Book of the Month: February 2015
When a loved one’s self-sufficiency declines, the caregiver’s instinct is often to help as much as possible. But stepping in at the first sign of struggle can become a slippery slope, which may unintentionally endanger a loved one’s independence: when people start to do things for us, we lose the inclination to do these things for ourselves, and we come to depend on the assistance.
Caring for a loved one with a cognitive disorder like dementia can be full of such pitfalls. It can be second nature to take over when a loved one appears to struggle or takes a long time with a task, but this tendency has a side effect. Over time, the list of things he or she is ‘unable’ to do (getting dressed, eating, using the bathroom, and so on) only grows, expanding the caregiver’s role exponentially. Our book selection for February offers a different, more sustainable approach.
Calling upon years of hands-on experience with patients with dementia, practicing occupational therapist Lanny D. Butler encourages clinicians and caregivers to ‘enter the patient’s reality.’ Together with physical therapist Kari K. Brizendine, Butler has developed a strategy termed Dementia Possible Care©. Their philosophy and practice are encapsulated in a slim, quick read, My Past Is Now My Future.
Billed as a practical guide, the book’s straightforward organization and plain explanation in everyday language can be eye-opening to caregivers and family members. In less than a hundred pages, Butler and Brizendine shift through the seven defined stages of dementia, from least to most symptomatic, following a patient’s usual progression. There is a section for each stage; each section begins with a preamble written in the voice of a representative ‘patient’ or ‘caregiver,’ expanding on the thought processes that many people experience as they work to manage the disease. Each stream-of-consciousness narrative, brief but likely familiar to readers, is followed by a valuable explanation of the typical patient’s worldview, behaviors, and capabilities while at that stage. Through numerous real-life anecdotes and concrete instructions, the authors help to illuminate not only why patients with dementia behave the way they do, but also what actions and environmental adaptations caregivers can make to help patients stay oriented and capable in their current reality — whatever that may be.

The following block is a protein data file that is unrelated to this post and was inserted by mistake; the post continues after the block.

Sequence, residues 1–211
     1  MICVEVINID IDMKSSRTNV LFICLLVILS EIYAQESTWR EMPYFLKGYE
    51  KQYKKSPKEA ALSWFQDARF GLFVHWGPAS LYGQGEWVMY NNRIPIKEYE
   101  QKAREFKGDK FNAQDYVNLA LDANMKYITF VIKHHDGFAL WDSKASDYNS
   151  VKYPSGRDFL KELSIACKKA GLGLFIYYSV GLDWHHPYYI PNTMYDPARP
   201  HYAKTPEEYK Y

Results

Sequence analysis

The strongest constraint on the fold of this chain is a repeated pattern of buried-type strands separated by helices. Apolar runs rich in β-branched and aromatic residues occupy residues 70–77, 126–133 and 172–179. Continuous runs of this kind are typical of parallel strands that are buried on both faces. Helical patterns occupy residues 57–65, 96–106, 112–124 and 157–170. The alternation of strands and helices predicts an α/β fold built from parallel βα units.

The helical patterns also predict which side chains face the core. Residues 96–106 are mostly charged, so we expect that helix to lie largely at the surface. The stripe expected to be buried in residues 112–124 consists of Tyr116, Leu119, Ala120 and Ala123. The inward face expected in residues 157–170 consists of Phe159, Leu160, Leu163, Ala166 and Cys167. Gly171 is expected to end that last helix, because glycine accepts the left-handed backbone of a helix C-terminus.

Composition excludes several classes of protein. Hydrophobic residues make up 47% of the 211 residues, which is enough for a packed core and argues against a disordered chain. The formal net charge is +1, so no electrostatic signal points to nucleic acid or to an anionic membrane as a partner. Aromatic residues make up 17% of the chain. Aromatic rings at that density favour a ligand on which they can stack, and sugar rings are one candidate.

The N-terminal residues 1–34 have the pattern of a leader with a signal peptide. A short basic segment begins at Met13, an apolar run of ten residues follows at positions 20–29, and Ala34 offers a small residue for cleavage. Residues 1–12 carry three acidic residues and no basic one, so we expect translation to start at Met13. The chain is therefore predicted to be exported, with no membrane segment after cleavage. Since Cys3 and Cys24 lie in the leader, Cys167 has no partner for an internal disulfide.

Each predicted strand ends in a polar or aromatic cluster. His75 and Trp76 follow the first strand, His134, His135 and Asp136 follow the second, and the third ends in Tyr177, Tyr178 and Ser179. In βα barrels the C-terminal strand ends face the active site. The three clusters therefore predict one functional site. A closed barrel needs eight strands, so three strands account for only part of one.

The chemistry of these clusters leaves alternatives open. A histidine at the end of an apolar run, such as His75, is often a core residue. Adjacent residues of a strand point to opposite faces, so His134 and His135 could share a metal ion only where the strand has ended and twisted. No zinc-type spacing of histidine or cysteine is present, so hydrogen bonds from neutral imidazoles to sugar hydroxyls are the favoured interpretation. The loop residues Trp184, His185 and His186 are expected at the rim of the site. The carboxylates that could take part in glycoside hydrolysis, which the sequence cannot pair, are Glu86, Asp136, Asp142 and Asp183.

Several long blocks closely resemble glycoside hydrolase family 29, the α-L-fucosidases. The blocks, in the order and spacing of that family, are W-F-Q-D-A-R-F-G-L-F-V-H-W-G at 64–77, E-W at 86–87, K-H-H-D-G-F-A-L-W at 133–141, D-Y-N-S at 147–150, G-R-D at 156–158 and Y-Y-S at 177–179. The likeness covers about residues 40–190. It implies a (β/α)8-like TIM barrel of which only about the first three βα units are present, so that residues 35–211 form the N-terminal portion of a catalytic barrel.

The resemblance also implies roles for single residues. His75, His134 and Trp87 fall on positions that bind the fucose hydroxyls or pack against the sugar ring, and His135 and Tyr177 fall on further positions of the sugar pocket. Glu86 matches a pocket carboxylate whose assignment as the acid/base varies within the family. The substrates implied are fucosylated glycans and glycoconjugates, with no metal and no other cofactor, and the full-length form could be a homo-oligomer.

An appendix at the end of the book includes a tool for caregivers and their loved one with dementia to use together. The intent is to catalog a patient’s preferences and personal rituals, everything from hobbies to what hand he or she uses to hold a fork, so that caregivers can help to replicate these behaviors at later stages. This exercise reflects the cornerstone of the authors’ theory: triggering a patient’s deep-seated residual memory, as often as possible and for as long as possible, helps him or her to complete tasks independently, and with positive outcomes.
For caregivers wanting to do more to help a loved one with dementia, the insight and instruction contained in My Past Is Now My Future will be a valuable preparatory resource. Readers can decide for themselves what tips and tactics might benefit them as they work to keep loved ones living independently and safely. But even without adopting the suggested practices, readers can use this glimpse into the reality of dementia to better understand what to expect through the passing stages and what level of care may be appropriate.
My Past Is Now My Future: A Practical Guide to Dementia Possible Care©
Lanny D. Butler, MS, OTR
Kari K. Brizendine, PT
Warwick House Publishing
90 pages, $20.00